Geography Archives: Middle East

  • The Sandinista Revolution and the “Fifth Freedom”

    This month will mark the 25th Anniversary of the overwhelmingly successful Literacy Crusade spurred by the Sandinista Revolution. This article examines the various programs implemented during the revolution, the US reaction to the revolution, and Nicaragua’s present situation. Revolution On July 19, 1979 a broad-based popular revolution, inspired by the legacy of Augusto Cesar Sandino […]

  • Koizumi Goes Postal

    On Monday, August 8th, Japan’s upper house of Parliament unexpectedly joined the French and Dutch electorates to give a sharp slap to neoliberal inevitability. Much to the totally delicious distress of all the usual suspects, from the Financial Times to the Christian Science Monitor, the parliamentarians turned down Prime Minister Junichiro Koizumi’s key piece of […]

  • Japan’s Modern Historical Loop

    The news of world affairs these days is highly unlikely to delight the Japanese survivors of the two nuclear terrorist attacks on Hiroshima and Nagasaki by the United States’ armed forces sixty years ago. Those attacks were not meant to convince the Japanese leaders to surrender, something which they were about to do anyway, but […]

  • Superman and a New Progressive Strategy!

    When I was a child, I used to watch cartoons at home after school (I understand there is a debate about the wisdom of letting children watch TV.  However, I am doing fine today). My favorite cartoon was Superman.  Let me clarify. It was a little confusing watching Superman growing up in Puerto Rico.  Although […]

  • Read the Treaty!

    The United States’ attack on Iran has begun.  The administration of George W. Bush, merely the latest demagogue in charge of domestically marketing the unchanging policies of our outdated, reactionary ruling class, has commenced its media campaign accusing Mahmoud Ahmadinejad, the newly seated president of Iran, of being merely the latest demagogue in charge of […]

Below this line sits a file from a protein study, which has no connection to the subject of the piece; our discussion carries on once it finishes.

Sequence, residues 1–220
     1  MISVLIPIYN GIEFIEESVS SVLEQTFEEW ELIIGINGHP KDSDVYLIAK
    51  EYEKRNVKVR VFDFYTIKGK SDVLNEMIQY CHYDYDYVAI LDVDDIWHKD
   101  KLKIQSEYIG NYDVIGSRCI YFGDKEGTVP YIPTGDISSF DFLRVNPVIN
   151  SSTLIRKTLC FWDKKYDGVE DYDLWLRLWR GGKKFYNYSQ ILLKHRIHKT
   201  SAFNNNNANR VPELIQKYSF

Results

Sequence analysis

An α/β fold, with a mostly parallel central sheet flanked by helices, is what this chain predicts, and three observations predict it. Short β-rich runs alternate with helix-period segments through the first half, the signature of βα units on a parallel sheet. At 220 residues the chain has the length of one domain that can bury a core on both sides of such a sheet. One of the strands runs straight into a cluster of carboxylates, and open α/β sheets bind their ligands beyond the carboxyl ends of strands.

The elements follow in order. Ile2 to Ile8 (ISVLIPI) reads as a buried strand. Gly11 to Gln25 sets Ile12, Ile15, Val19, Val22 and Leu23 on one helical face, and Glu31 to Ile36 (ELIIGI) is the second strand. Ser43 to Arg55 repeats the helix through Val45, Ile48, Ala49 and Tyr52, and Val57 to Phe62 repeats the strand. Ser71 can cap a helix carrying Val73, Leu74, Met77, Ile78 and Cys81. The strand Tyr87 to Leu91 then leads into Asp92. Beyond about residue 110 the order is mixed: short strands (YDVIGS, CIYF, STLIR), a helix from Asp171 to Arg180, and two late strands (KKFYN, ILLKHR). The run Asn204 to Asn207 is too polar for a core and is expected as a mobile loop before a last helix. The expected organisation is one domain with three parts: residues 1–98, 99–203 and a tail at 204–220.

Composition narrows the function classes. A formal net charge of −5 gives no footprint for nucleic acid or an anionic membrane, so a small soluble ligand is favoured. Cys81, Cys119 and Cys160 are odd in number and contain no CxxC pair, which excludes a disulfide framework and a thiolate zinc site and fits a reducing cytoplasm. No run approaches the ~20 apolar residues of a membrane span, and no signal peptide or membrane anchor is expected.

• The Slaying of Jean Charles de Menezes

    There was a remarkable moment in London last month when the Israeli Defence Force looked more restrained than the Metropolitan Police. Having shot an unarmed civilian in the head seven times (and once in the shoulder), the Metropolitan Police was suddenly obliged to explain to the public a policy that had been decided on in […]

  • Tipping Friedman

    New York Times Op-Ed columnist Thomas Friedman is lucky I don’t have his phone number. If I did, I would call and tell him that the “tipping points” in the Middle East never tipped. The Bush administration presented a well-scripted farce to its consummate lapdogs in the media; and Friedman, along with his more conservative […]

  • What One Mom Has to Say to George Bush

    “That lying bastard, George Bush, is taking a five-week vacation in time of war,” Cindy Sheehan told 200 cheering members of Veterans for Peace at their annual convention in Dallas last Friday evening. She then announced she would go to Bush’s vacation home in nearby Crawford, Texas and camp out until he “tells me why […]

  • Waiting for Karl Rove

    Hi, I’m a mainstream pundit. You may remember me from such commentaries as “The GOP and Its Acronym” and “Why Must the Poor Have Such Bad Taste in Clothes?” As a pundit, one of my duties is to impart to you my sense of stylish pique concerning the war in Iraq. The war, when you […]

  • A “Better Occupation” of Iraq?

    It would be a mistake to say that it was inevitable that the US would fail in its putative mission of “liberating” Iraq or transforming it into a viable democracy, for that would be deterministic.  It would not be incorrect to state that it was practically inevitable, however.  And why that is so tells us […]

  • Distilling the 2005 AFL-CIO Convention: Disaster Ahoy!